Dietary intake data were obtained from two automated multiple-pass 24-h dietary recall interviews. The first interview (Day 1) was collected in person in the Mobile Examination Center and the second (Day 2) was collected by telephone 3 to 10 days later42. Dietary intake of fatty acids (SFAs, MUFAs, and PUFAs) on each dietary interview day was directly obtained from the NHANES datasets, and these two sets of data were used to determine daily usual intake or mean intake for further analysis.
Daily usual intake of fatty acids for each participant was determined as previously reported43 using the MSM program44 with survey day (Day 1 or Day 2) and a weekend day flag (Friday/Saturday/Sunday versus others) as covariates45. The MSM program, a web-based statistics package for estimating usual dietary intake, was accessed through the following address: https://msm.dife.de. Daily usual intake of fatty acids was expressed as either the percentage of calories from fatty acids or grams of fatty acids. The former was calculated using the following formula46: percentage of calories from fatty acids = (grams of fatty acids X 9 / total calorie intake in kcal) X 100.
In the sensitivity analysis, the mean fatty acid intake from the two survey days47 was used instead of usual intake.
Mortality from heart disease
Data on mortality from heart disease (I00-I09, I11, I13, I20-I51) were retrieved from NHANES-linked mortality files41. To evaluate mortality status and the cause of death, the National Center for Health Statistics conducted probabilistic matching48 to link the NHANES data with death certificate records from the National Death Index (NDI) records. The NHANES-linked mortality files used the Underlying Cause of Death 113 (UCOD_113) code to recode all deaths according to the International Classification of Diseases, 9th Revision (ICD-9) or the International Classification of Diseases, 10th Revision (ICD–10) for underlying cause of death. Follow-up time was the duration from the time when the participant was examined at the Mobile Examination Center until death, or until the end of follow-up (December 31, 2015), whichever occurred first41.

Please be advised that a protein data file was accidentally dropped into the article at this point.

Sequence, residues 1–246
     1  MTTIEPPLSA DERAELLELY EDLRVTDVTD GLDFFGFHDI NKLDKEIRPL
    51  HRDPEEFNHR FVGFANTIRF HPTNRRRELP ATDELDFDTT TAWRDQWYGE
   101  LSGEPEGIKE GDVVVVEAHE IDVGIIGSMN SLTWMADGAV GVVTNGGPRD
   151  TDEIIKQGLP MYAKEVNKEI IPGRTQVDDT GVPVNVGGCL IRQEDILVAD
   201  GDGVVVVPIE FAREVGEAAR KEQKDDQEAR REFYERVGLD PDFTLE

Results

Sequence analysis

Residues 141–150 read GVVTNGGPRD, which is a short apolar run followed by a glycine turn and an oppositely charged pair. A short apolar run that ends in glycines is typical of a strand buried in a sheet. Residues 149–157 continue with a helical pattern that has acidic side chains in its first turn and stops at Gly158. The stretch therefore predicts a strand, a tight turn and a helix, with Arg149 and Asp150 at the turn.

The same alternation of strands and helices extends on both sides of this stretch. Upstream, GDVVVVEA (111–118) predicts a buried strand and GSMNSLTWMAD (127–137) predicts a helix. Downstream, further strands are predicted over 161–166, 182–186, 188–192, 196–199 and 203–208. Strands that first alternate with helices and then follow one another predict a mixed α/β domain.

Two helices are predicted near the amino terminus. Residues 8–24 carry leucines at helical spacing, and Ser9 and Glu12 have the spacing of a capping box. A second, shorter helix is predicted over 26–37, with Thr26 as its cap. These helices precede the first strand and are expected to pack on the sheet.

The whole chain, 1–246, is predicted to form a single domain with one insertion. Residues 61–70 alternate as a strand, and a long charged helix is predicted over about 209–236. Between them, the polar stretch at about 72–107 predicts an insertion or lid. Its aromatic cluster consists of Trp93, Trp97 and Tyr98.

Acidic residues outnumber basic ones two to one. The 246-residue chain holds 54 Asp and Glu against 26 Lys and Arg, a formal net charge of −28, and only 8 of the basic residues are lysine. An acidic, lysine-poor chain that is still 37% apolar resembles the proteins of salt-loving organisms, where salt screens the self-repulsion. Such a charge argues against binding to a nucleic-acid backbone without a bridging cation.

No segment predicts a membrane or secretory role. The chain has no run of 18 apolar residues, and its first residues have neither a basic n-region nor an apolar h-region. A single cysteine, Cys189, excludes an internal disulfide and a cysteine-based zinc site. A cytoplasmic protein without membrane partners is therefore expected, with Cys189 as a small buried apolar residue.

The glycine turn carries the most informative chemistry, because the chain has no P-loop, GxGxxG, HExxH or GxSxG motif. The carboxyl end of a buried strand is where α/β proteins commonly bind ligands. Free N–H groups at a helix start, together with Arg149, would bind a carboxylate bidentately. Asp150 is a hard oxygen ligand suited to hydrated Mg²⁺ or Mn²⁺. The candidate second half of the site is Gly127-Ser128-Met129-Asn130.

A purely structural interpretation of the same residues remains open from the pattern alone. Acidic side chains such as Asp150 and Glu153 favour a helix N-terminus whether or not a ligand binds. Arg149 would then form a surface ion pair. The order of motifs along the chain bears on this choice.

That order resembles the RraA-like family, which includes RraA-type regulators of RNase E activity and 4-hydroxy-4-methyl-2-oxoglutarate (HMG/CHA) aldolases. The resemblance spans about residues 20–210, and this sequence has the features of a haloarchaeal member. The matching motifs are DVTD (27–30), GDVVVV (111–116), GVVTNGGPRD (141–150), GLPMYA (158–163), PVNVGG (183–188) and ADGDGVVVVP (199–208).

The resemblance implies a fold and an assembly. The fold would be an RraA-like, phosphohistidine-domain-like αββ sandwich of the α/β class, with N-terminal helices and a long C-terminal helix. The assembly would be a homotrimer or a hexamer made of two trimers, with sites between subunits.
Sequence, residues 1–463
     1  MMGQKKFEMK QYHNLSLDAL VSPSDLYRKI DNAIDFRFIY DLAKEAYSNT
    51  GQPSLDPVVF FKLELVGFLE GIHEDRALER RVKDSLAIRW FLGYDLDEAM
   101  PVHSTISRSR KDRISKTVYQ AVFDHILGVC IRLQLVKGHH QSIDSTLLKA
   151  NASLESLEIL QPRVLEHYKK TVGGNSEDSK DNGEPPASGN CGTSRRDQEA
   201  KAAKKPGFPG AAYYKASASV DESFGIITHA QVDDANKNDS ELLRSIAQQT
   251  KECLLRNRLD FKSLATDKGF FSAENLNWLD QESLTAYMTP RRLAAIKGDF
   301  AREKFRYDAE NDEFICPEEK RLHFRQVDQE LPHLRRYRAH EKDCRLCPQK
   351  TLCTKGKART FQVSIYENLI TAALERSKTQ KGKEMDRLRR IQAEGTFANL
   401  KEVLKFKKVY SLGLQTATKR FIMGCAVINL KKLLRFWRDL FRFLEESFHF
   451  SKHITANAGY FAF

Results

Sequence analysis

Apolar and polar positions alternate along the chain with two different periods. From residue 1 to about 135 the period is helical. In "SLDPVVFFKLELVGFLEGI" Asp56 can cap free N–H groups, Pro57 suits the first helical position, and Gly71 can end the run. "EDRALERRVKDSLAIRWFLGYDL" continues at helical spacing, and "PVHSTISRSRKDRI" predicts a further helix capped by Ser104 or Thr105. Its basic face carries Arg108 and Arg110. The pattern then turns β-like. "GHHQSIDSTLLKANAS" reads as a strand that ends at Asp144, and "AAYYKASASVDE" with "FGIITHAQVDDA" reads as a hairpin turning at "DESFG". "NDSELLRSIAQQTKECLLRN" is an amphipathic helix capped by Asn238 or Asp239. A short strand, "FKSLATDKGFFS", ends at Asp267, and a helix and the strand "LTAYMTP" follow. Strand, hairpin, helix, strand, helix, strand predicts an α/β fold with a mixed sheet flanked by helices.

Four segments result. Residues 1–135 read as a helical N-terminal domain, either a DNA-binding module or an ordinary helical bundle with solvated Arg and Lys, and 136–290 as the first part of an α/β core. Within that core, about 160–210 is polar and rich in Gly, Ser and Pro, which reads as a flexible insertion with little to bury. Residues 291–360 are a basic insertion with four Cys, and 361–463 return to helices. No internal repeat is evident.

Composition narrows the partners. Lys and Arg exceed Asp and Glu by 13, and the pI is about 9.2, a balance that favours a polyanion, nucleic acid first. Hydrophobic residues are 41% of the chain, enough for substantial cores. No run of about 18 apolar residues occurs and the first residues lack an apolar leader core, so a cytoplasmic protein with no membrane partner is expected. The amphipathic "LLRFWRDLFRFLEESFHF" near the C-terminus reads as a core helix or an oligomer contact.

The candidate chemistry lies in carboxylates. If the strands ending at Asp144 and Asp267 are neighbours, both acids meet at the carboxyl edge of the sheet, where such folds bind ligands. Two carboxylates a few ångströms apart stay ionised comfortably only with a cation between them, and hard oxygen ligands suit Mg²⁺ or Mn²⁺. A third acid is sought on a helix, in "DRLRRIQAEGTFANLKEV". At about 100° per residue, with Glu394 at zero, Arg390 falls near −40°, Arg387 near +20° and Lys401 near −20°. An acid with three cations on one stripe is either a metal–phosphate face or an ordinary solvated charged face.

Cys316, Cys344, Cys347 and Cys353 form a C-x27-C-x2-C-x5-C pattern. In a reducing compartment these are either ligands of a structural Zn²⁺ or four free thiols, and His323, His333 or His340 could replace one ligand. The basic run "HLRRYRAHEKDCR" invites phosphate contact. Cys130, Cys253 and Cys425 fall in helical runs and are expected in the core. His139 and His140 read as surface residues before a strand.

Confounding covariates were similar to previous reports49,50. They included age (continuous), sex (male or female), ethnicity (Hispanic, non-Hispanic white, non-Hispanic black, or other), obesity (underweight, normal, overweight, obese, or unknown), education (< high school, high school, > high school, or unknown), poverty-income ratio (< 130%, 130%-349%, ≥ 350%, or unknown), and survey periods (1988–1991, 1991–1994, 1999–2000, 2001–2002, 2003–2004, 2005–2006, 2007–2008, 2009–2010, 2011–2012, or 2013–2014). Lifestyle confounders included physical activity (inactive, insufficiently active, or active), alcohol consumption (never, < 1 drink per week, 1–6 drinks per week, ≥ 7 drinks per week, or unknown), and smoking status (past smoker, current smoker, non-smoker, or unknown). Clinical confounders included systolic blood pressure (continuous), total cholesterol (continuous), and hemoglobin A1c (continuous); self-reported physician diagnoses (yes, no, or unknown) of hypertension, hypercholesterolemia, and diabetes were used in the sensitivity analysis. In addition, the usual intake of protein and carbohydrate (continuous) and plasma levels of low-density lipoprotein (LDL) cholesterol (continuous), high-density lipoprotein (HDL) cholesterol (continuous), and triglyceride (continuous) were also adjusted in the analysis.